The client gets a road map of the procedures ahead and a set amount that will be owed. If we go straight from Pleadings to J&D, the client only pays the flat amounts for those two. Just like in my criminal law practice, some cases take more time than I anticipated and some take less.

    BSE

  • shg

    An orthogonal perspective. As you probably know, criminal defense lawyers have historically charged flat fees, although for a different reason. As a result, we have to be pretty good at predicting what will be needed for a case or we can go broke. On the other hand, a low flat fee can be a dead giveaway that the lawyer has no intention of anything more than copping the first plea available.

    That said, when I am being paid by a corporation, they love the concept of flat fees, but hate the execution. They can’t bear not knowing what they’re paying for, and want hourly charges/explanations. When I explain that a flat fee means they don’t get bills, they can’t stand it and demand that I charge hourly so they can see what I’m doing to earn the fee.

    The irony is that I make more by charging hourly, yet they love me because despite my hourly rate, I tend to perform tasks much faster than either larger law firms or less experienced lawyers, I bill accurately and still cost less than other firms involved in the case while (usually) producing better results.

    I like working for corporations. I like flat fees. I love hourly billing of corporations. And they love it too. Go figure.

    • I have had, more or less, the same experience in my transactional practice. Flat fees are often more appealing to individuals and smaller businesses while hourly fees are often more appealing larger businesses.

      I think this dichotomy exists, at least partially, because individuals and smaller businesses may reason that the best time to make a “bargain” is before the representation has commenced, while larger businesses may reason that the best time to make a “bargain” is after the representation has commenced. I could be wildly off-base here, but I think this is somewhat plausible.

  • Mark

    While the answer to this question may differ by jurisdiction, when you charge a flat fee when may you consider the fee earned?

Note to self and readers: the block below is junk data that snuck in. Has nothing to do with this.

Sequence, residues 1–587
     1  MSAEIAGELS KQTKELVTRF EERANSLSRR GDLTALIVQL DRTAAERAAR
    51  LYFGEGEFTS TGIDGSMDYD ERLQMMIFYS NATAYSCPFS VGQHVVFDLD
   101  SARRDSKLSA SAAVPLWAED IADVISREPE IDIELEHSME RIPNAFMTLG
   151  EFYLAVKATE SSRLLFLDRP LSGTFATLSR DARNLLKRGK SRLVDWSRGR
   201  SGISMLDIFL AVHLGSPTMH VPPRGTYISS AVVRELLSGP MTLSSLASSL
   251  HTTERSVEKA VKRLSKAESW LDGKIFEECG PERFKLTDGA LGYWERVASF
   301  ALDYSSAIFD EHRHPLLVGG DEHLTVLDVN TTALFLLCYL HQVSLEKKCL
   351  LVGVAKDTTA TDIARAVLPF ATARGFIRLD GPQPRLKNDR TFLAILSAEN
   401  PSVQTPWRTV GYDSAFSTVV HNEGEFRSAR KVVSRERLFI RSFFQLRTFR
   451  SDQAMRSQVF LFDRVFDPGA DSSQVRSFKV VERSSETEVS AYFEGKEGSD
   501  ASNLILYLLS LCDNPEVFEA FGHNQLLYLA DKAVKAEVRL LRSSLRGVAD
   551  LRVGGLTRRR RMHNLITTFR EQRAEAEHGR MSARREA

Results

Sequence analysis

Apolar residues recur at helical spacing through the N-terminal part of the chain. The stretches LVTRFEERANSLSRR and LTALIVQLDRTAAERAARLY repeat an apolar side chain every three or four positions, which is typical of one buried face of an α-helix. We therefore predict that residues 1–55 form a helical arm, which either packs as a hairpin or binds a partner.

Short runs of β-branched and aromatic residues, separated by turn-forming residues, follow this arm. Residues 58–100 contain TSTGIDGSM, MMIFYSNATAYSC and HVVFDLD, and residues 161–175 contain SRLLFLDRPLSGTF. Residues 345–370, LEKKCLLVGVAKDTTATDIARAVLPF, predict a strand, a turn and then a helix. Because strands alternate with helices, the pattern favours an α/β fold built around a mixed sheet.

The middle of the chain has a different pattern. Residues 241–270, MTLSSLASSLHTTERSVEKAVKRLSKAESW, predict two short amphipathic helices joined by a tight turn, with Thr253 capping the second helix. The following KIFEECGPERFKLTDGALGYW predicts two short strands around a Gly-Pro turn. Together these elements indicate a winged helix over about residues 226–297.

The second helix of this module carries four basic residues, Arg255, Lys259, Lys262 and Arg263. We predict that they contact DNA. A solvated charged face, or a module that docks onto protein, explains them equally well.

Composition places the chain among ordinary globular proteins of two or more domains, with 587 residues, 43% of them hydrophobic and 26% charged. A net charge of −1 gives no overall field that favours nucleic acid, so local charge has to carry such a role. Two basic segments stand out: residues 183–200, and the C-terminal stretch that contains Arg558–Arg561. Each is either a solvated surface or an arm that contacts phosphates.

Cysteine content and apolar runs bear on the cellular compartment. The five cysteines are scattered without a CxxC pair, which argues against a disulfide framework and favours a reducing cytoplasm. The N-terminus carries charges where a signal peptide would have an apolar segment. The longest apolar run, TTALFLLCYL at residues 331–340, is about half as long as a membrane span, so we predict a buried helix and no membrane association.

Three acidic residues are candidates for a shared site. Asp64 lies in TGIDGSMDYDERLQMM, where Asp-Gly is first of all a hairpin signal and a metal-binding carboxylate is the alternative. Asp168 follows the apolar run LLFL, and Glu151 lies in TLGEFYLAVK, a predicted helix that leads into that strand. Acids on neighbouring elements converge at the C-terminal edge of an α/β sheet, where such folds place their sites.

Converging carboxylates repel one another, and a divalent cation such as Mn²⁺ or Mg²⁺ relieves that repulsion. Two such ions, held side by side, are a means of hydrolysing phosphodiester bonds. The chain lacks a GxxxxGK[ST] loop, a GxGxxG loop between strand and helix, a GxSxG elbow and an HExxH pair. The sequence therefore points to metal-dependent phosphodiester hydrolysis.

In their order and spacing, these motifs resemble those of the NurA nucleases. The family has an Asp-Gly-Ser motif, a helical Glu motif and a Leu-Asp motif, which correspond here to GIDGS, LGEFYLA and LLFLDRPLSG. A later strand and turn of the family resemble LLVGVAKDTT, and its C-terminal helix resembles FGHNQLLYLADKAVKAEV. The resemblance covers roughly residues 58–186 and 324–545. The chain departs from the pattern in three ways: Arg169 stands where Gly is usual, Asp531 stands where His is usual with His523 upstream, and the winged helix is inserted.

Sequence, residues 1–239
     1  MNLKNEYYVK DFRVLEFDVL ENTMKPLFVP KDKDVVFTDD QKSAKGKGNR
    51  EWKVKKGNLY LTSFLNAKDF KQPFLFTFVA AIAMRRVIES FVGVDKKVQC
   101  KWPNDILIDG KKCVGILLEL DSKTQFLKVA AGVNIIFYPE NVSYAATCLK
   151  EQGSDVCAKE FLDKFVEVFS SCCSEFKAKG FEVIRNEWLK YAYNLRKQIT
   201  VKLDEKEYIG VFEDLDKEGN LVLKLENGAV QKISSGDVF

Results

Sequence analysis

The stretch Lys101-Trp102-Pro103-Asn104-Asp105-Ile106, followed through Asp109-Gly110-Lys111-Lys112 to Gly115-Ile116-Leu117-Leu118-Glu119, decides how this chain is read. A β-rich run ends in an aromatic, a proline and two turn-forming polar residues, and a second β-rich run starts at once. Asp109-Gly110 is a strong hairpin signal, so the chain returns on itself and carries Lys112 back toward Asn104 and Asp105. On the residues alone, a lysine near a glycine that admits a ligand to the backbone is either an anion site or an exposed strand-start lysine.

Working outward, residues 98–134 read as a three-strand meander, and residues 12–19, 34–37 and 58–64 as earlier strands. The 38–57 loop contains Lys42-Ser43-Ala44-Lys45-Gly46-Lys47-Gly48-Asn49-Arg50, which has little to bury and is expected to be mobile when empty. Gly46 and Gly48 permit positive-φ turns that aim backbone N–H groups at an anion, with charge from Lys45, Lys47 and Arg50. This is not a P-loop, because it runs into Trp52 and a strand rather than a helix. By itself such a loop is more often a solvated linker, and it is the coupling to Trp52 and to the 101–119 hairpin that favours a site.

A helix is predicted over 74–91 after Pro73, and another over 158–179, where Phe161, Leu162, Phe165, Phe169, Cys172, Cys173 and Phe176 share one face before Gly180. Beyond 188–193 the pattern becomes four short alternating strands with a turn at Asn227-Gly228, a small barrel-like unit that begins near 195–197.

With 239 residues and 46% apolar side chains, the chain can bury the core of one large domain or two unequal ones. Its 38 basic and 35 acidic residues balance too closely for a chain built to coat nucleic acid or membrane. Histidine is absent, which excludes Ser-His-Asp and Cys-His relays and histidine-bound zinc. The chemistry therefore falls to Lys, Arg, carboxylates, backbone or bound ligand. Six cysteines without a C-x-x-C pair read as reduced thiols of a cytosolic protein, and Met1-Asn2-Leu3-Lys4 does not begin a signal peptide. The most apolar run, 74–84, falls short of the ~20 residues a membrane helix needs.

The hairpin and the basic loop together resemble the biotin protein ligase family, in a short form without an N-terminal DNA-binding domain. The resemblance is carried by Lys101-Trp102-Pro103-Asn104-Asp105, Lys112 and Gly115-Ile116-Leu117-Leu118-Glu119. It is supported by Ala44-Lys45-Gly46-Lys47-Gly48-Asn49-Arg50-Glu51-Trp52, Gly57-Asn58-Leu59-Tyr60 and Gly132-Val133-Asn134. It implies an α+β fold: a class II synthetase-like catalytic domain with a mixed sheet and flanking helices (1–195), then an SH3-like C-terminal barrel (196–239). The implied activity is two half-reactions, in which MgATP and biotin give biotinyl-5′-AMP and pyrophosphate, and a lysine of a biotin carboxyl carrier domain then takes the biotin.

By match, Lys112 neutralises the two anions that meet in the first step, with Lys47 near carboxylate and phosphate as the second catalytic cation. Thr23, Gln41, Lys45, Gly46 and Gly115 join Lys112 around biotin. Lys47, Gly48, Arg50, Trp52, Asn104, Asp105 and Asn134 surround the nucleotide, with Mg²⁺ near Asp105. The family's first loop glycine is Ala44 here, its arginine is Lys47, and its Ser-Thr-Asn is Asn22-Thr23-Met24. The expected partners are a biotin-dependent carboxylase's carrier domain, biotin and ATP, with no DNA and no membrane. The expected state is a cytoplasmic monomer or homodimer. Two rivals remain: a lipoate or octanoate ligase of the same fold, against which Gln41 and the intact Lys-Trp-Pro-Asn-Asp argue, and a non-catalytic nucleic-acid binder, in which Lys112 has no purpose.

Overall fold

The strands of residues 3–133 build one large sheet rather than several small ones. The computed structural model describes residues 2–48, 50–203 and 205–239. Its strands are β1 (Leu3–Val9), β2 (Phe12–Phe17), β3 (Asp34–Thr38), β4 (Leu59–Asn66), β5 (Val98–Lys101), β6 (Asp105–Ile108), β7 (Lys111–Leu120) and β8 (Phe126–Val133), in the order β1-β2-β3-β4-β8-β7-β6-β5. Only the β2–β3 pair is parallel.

• It definitely differs (and is complicated) by jurisdiction. I think that in some jurisdictions, flat fees have to go in the trust account until the work is completed. In mine, it can be earned immediately, but the client is still entitled to a refund if I don’t perform the work.

  • Barry S. Edwards

    My flat fee retainer for dissolutions spells out exactly what service, filing, or other action completes the task. I get paid for the next stage before I start it, and I hold the money in trust until the task is completed.

    • Dan M.

      I don’t practice family law, but I’m married to a lovely woman that does, and I know from experience she gets calls constantly (& at all hours) from clients who are upset about their ex’s recent Facebook post, voice message, etc. Just curious, do you ever run into the problem of a client that, since they are paying a flat amount based on completed tasks, does not value (unintentionally, of course) your time?

      • I would never ever ever include unlimited phone calls in a flat fee agreement in a family law matter without setting up some expectations about when I would be available to answer and return phone calls. (I’ve always liked the idea of a flat fee per after-hours call of $750 or so, which I would waive if I think the call was an emergency. That ought to discourage abuse.)

      • P.S., You are thinking very narrowly about flat fees. Just like scope of the representation itself, the fee doesn’t have to be all-or-nothing, whether or not it is a flat fee. You can charge different hourly rates for different tasks, and different flat fees for different tasks.

      • Catherine Tucker

        This is when a good receptionist comes in handy.

        Although, I too would notagree to unlimited calls in a dicorce matter.

  • Stephen Jenei

    I left a large law firm to start my own practice and love flat fees because I want to agree on the cost up front, not after I’ve done the work.

    In general, I have found this system to be far more favorable to clients than hourly billing. It’s not because of “padding” but because the pressure to meet billable hour goals means billing for every little task which adds up to large sums over time.

    So, what’s the problem? Clients are often too busy/distracted to take the time to understand they are really getting a great deal. I’ve given quotes of, say, $4-5000 and then had clients come and say “But this other lawyer said it would only be about $1500.” But the other lawyer is billing by the hour with no promises.

    Clients often can’t see that there is no way to get an adequate product at the prices mentioned — if they really billed just the $1500 — and that in reality, the other lawyer bills for every task so that over the long run the bill becomes much, much more.

    For me, the main issue is that when you give a quote for the whole project up front, the amount can seem large and shocking because it’s the whole amount in one large figure. The hourly lawyer is able to hide their shockingly larger bill by doling it out over many invoices over many months.

    I recently had a client transfer work to me after using one of these other lawyers with lower prices. They were told it would be about $2000. They ended up billing $8000 over the course of the project.

    It’s frustrating, I wish I could get clients to take the time to understand the apples-to-oranges comparison they’re using.

    Stephen

  • Dan M.